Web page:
Thursday, February 23, 2006

A good 'adab'

I happen to be in Balikpapan, Kalimantan Timur last Chinese New Year and saw a good adab in a mosque there.

A few days I was there, I went to this mosque in front of the hotel only once for Fajr and after the prayer, zikir and all, everybody stand up for 'salam'.

In most mosques in Malaysia, the act of salam, while prominence is given to the imam, is still done in a random manner. Such as, if one is a bit far from the imam, one would 'bersalam' with those nearer first before going to the imam.

However there, at least in that mosque, everybody would que to salam with the imam first and those who did their salam, would stay put next to the imam and thus create a circle so that in the end, everybody would salam with everybody else. And while doing that, salawat would be recited out loud.

It was such a lovely setting that I would not doubt creates a much more brotherhood atmoshpere.

While I do not know the Malaysian scene in general, I know that the same adab is practiced by some here.

Monday, February 13, 2006

Bangkok II

One thing I guess that the Thais are different from other ASEAN nations is that they do and show their respect for their king. It was the king’s birthday when I was there last year and everywhere you could see the king’s pictures. A few cab drivers I talked to invariably loved their king whereas not all like the prime minister.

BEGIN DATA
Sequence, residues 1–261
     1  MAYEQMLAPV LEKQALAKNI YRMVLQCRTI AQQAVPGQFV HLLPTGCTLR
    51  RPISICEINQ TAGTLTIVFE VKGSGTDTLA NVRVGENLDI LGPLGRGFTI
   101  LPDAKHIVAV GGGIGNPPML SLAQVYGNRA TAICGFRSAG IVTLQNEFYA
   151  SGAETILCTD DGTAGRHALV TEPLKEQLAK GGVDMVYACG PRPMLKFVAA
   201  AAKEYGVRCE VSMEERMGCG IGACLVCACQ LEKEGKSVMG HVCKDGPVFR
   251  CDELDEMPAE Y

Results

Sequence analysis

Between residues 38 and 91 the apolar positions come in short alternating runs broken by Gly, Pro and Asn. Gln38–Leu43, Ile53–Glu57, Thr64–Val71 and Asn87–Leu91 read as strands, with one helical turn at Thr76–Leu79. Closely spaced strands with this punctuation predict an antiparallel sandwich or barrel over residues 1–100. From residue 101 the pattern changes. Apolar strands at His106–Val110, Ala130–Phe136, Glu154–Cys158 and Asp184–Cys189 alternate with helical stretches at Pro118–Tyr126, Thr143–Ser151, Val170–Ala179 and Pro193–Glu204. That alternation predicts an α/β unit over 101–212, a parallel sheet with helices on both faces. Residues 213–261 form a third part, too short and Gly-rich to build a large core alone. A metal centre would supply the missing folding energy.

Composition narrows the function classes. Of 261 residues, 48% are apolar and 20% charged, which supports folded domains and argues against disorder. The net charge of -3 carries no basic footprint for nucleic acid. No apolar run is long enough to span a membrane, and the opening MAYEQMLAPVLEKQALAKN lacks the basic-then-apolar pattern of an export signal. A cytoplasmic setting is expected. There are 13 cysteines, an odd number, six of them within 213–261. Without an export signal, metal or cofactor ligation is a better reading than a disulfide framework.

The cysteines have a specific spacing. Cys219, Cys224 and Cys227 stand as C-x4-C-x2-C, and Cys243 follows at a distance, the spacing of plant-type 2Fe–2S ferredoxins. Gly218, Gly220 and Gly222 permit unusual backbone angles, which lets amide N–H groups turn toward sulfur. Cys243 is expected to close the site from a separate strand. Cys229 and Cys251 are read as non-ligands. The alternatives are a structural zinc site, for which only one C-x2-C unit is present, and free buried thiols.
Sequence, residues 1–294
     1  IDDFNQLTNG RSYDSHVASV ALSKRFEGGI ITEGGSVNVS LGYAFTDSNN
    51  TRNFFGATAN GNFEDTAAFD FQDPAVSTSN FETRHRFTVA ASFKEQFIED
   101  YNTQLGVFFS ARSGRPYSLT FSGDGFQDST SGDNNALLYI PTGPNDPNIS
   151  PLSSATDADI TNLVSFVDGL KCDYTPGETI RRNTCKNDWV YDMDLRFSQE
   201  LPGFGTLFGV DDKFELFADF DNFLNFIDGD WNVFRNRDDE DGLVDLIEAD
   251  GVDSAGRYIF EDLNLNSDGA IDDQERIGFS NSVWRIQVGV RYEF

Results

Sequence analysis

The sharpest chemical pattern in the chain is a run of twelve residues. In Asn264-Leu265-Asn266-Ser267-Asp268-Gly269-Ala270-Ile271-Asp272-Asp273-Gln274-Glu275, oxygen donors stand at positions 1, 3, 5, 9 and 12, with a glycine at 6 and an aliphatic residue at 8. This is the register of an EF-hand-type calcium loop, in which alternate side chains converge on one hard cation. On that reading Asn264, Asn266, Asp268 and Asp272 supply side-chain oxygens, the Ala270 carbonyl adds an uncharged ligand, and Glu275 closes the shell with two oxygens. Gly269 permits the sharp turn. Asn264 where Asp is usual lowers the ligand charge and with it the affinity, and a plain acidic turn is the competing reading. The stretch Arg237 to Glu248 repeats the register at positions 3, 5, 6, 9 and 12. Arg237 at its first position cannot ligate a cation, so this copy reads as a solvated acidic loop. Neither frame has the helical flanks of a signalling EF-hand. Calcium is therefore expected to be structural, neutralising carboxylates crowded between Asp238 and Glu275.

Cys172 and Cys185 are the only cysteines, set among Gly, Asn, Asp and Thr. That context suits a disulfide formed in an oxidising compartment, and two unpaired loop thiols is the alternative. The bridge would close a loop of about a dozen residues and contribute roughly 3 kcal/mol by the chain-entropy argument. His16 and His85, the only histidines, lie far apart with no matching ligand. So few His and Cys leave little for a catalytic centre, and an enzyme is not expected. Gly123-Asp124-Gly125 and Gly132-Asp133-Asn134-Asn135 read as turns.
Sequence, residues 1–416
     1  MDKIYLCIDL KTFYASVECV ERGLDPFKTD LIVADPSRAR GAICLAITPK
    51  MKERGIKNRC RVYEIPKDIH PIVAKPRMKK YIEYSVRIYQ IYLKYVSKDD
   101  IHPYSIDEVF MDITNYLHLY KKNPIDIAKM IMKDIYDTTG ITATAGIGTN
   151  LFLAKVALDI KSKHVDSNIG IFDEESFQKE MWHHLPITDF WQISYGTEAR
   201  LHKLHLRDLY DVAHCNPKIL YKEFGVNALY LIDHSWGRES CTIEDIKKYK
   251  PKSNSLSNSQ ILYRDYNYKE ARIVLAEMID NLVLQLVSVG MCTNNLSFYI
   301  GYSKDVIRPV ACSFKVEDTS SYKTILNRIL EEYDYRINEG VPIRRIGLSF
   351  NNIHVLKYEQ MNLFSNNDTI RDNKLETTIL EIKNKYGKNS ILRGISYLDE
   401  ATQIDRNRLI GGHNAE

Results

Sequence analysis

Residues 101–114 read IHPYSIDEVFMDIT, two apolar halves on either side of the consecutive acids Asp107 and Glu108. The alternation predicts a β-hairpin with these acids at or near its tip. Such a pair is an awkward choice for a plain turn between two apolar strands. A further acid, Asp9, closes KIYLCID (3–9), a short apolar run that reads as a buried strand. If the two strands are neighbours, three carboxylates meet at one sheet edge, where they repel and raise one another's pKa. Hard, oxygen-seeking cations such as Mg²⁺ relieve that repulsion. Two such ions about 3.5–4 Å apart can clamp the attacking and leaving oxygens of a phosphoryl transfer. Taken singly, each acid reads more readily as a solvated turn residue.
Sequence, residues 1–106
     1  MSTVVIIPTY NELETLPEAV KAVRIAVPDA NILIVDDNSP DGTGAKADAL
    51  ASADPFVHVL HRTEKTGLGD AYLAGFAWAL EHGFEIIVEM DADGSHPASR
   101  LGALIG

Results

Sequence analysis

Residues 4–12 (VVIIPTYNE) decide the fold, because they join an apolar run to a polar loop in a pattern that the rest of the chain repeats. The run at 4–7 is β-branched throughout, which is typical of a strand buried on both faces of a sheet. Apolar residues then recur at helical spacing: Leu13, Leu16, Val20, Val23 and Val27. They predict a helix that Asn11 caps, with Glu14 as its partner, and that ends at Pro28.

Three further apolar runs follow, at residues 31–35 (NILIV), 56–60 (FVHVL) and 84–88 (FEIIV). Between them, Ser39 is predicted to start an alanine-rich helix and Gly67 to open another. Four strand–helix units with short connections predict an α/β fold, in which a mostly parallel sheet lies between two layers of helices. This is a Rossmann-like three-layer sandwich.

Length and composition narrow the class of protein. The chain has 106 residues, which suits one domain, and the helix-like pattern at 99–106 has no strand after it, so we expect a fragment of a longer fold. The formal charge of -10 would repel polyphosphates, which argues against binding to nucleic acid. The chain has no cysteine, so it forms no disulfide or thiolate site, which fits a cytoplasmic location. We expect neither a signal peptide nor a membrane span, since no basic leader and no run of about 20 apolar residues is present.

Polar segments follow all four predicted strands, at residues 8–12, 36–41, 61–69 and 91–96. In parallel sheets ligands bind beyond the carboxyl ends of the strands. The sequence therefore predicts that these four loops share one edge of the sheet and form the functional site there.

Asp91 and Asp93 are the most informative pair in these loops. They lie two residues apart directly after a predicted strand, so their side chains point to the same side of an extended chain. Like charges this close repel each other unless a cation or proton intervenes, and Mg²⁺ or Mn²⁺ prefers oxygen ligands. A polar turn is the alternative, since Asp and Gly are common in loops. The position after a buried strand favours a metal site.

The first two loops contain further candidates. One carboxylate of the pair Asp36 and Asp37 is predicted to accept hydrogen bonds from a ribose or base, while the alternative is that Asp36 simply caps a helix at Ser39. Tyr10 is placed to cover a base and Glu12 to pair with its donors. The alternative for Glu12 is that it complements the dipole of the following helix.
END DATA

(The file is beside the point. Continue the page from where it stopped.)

In front of the hotel entrance, they placed a big size photo of the king, perhaps A2 size, and they decorate around the area. Next to the entrance, there’s one convenience shop and once, I saw a man getting there and before he went to the shop, he placed his hands together and showed his respect to the king in front of his photo.

And this is our lives. Not all men are created equal. That’s one thing I find it difficult to reconcile with ‘democracy’. Democracy gives all eligible men and women equal amount of power, i.e vote. Be honest here, not everybody is bright and cheerful. Some are not too clever and can be manipulated easily. The liberals would say, if we don’t give equal rights to everyone, then who’s to decide what is right or wrong. It can’t be placed in a few hands. And as I said before, even if the right is placed in everybody’s hand, it won’t be fine and dandy.

Though I’m not inclining towards return to Kingship, I just hope that the world would be a better place. And I guess I have to start with me. Allah Hu, Allah Haq.

Friday, February 03, 2006

A tale of two Doa

I'm a bad, bad man. Last Eid-ul Adha, while the imam was saying the doa after the khutbah, I was thinking about another doa that I just heard on a mawlid vcd.

You see, the Eid doa was in my kampung in Kelantan and the other doa, I supposed was in Yemen since Habib Umar was in the mawlid.

If I remember correctly, the Eid doa was like this, among others:

"... Ya Allah, destroy our enemies and failed their plans against us ..."

While Habib Umar's was:

"... Ya Allah, bring those who are astray back to the right path ..."

Of course, this is not a judgement on one person against the other. By any accounts, I'm nothing at all compared to the Eid Imam.

The thing is, given two choices, with whose company do we rather be. And whose guidance would have more lasting impact on our soul. I believe the answer is as clear as daylight.

Though it might be difficult to find such a person among us, I'm sure our good Lord grant to those who asked. Knocked, and the door shall be open.

And here's one advice by Habib Umar: